The following paper concerns Victor Pelevin’s newest novel. The author discusses one
of the most interesting aspects of the work; more specifically, the allusions and references
to our reality that are present within its storytelling. There are many of them. Not only the
shape of the world itself, a world divided into two hostile and competing nations, but also
the relationships within these nations do resemble processes and phenomena present in our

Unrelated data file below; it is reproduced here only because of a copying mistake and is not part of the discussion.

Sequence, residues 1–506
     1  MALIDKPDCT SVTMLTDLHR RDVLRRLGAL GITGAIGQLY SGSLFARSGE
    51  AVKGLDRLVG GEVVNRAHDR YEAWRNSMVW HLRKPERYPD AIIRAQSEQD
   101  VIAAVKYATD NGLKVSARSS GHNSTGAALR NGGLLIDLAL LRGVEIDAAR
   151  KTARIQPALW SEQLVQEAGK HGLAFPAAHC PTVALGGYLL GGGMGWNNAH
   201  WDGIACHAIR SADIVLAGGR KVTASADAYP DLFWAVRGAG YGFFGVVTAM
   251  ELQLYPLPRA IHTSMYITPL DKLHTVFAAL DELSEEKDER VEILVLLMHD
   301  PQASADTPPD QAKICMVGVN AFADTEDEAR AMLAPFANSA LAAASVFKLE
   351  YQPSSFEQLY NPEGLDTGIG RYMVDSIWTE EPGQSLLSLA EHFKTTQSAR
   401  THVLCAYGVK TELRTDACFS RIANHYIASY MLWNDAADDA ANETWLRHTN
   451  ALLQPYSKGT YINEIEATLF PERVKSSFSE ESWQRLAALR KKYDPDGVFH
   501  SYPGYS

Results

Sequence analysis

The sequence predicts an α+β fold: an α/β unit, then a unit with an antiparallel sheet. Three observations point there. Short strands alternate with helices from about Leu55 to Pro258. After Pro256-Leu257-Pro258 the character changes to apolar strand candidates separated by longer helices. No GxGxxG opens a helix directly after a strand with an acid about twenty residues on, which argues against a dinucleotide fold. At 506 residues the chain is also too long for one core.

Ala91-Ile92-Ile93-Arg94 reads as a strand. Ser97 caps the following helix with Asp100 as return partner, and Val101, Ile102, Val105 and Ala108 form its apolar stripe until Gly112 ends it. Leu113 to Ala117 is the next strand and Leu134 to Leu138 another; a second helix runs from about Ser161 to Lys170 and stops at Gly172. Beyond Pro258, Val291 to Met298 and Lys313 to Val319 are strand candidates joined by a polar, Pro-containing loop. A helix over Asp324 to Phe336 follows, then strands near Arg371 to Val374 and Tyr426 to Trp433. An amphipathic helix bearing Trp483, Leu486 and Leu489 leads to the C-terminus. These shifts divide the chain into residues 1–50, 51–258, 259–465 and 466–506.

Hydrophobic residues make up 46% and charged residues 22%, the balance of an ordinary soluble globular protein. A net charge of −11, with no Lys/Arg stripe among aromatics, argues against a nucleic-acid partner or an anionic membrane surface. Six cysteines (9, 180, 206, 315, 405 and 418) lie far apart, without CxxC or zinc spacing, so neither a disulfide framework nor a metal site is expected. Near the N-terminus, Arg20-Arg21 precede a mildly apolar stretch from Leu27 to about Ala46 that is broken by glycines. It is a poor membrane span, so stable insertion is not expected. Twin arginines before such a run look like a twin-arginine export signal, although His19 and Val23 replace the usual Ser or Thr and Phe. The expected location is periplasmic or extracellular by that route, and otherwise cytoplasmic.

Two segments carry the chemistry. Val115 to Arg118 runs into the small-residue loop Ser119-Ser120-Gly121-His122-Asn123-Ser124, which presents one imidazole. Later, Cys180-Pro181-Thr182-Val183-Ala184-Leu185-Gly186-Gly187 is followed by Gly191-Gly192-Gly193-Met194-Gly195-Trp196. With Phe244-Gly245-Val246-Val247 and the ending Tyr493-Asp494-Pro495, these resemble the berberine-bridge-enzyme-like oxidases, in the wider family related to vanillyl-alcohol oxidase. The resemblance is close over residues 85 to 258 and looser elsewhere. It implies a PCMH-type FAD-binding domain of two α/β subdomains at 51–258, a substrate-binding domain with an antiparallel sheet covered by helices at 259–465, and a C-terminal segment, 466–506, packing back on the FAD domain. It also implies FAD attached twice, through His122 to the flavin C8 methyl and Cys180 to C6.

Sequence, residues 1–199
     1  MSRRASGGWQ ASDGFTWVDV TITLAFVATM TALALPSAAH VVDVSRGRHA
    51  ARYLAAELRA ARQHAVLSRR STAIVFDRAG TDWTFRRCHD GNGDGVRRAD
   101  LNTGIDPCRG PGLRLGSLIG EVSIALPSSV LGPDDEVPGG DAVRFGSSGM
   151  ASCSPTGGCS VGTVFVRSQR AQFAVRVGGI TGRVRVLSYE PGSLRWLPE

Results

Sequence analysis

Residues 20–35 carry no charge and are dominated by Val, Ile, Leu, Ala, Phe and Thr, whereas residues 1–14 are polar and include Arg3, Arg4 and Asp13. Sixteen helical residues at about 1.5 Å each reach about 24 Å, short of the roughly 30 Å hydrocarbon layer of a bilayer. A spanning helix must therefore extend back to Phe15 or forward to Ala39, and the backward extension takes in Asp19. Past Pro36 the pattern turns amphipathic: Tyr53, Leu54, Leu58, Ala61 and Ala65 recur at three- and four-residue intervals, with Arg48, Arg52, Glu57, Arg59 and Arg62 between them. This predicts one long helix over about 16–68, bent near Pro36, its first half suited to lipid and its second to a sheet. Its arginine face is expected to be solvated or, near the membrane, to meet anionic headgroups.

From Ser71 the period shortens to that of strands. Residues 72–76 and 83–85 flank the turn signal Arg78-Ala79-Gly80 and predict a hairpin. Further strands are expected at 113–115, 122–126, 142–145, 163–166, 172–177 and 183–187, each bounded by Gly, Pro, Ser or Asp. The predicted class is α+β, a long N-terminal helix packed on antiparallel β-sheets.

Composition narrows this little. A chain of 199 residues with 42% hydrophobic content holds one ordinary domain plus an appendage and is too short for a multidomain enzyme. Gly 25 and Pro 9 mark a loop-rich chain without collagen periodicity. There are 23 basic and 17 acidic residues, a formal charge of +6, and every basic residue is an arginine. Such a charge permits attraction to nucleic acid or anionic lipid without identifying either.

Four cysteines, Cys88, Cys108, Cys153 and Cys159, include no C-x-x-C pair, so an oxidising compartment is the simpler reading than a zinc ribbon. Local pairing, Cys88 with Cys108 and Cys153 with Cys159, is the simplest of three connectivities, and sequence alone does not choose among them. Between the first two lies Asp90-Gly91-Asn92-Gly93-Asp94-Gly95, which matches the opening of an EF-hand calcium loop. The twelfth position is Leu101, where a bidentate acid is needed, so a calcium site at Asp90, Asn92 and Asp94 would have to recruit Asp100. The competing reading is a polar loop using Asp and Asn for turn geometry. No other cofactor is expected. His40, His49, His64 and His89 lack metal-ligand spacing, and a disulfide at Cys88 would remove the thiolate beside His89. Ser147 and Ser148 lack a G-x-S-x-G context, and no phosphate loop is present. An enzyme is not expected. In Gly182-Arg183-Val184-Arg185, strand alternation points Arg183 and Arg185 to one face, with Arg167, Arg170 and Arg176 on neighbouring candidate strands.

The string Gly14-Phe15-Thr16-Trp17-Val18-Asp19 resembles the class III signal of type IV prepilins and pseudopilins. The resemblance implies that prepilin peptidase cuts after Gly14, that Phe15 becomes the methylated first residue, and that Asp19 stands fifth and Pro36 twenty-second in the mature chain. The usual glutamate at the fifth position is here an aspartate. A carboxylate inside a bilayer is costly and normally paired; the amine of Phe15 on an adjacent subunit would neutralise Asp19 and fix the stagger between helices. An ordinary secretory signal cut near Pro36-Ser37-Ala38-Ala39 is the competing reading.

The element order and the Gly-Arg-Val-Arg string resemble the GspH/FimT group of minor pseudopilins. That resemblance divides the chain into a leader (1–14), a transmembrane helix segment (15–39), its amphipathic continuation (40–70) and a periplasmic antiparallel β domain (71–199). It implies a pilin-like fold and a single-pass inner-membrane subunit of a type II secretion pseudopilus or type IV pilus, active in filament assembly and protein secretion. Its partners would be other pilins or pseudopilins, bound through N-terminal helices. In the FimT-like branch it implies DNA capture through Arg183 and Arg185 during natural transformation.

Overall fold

time. The regimes of Bizantium and Urkagana, the divisions within them, and the deciding
roles of mass media and the world of advertising seem vaguely familiar to us. Wars to a great
degree seem to be inspired by conflicts that exist in “our” world. Such a picture brings to
mind the realities of not only modern Russia but also the West, understood in a wide sense.
All of this allows us to view S.N.U.F.F. not only as a post-modernist novel, but, above all,
as a social and political satire.